WICCA'S CHARM


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Wicca's Charm | Reviews | Praise | Excerpt

WHAT PEOPLE ARE SAYING

"The Standard Reader: Rachel DiCarlo on Wicca's Charm," The Weekly Standard, October 24, 2005

by RACHEL DICARLO
Wicca's Charm: Understanding the Spiritual Hunger Behind the Rise of Modern Witchcraft and Pagan Spirituality by Catherine Edwards Sanders (Shaw, 223 pp., $13.99) Evidence abounds of a growing interest among women in modern witchcraft, also known as Wicca. About 5 million self-proclaimed witches live in America and their presence has steadily crept into the mainstream.

For Wicca's Charm, Weekly Standard alumna Catherine Edwards Sanders spent a year interviewing dozens of witches, young and old, to find out what Wiccans believe and what draws women to Wicca. She discovers that, while there's no formal consensus on Wicca's doctrine, there are a few central tenets. All Wiccans have a deep respect for the earth. Some cross the line into monism and pantheism. As neopagans, they don't believe humans were created in God's image, so a human holds the same dignity and value as an insect or a tree. For these Wiccans, recognizing the divinity of females and female power is paramount. Wiccans perform rituals honoring femininity and most worship both themselves and a Mother Goddess. "Whatever works to make women stronger is the goal," Sanders writes.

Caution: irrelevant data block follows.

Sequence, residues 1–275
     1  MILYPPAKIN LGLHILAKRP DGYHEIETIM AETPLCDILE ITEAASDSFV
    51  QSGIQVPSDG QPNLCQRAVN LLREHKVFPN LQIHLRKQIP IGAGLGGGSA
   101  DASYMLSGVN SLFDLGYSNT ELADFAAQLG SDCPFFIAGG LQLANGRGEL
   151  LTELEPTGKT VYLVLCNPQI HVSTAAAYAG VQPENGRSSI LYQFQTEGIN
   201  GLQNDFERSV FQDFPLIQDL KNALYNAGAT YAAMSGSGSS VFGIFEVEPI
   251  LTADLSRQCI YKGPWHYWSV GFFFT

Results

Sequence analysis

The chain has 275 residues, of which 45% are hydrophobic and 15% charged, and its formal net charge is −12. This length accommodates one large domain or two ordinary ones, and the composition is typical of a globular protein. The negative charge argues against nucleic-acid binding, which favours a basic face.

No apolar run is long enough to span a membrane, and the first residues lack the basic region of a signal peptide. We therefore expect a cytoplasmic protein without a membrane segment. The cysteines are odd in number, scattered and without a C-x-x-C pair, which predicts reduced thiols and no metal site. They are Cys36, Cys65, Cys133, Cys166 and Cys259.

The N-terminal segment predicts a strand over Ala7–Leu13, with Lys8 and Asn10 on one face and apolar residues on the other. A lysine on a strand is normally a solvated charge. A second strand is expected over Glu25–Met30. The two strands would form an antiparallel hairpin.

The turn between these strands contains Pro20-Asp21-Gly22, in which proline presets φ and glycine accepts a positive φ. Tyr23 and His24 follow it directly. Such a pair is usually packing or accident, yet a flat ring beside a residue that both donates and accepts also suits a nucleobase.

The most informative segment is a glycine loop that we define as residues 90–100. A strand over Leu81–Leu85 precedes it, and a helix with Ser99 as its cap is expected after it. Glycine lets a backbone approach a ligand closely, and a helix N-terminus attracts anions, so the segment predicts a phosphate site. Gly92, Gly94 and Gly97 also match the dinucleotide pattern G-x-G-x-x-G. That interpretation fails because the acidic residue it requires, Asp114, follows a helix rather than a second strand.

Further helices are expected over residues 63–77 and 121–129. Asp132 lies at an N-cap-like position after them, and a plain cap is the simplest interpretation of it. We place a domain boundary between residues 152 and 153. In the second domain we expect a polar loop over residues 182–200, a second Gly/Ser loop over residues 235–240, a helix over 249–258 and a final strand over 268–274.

The groundwork for Wicca was laid during the American Romantic era, when ideas about the exaltation of nature, emotion, and the individual thrived. But, not surprisingly, Wicca came to real prominence around the same time as modern feminism. As Edwards explains, most female Wiccans yearn to find meaning in life but feel marginalized by a patriarchal society and rejected by a male-dominated Christian church. Political feminism couldn't satisfy their spiritual needs so they embraced a practice that celebrates women.

Sanders's book has many virtues. First is the juxtaposition of Wiccan beliefs with those of Christianity so the reader sees how one is a reaction to the other. Additionally, Sanders's style is calm, respectful, and nonjudgmental. Wicca's Charm will be of interest to anyone who wants to understand a culture and mentality that has led so many women to neo-paganism and self-worship.



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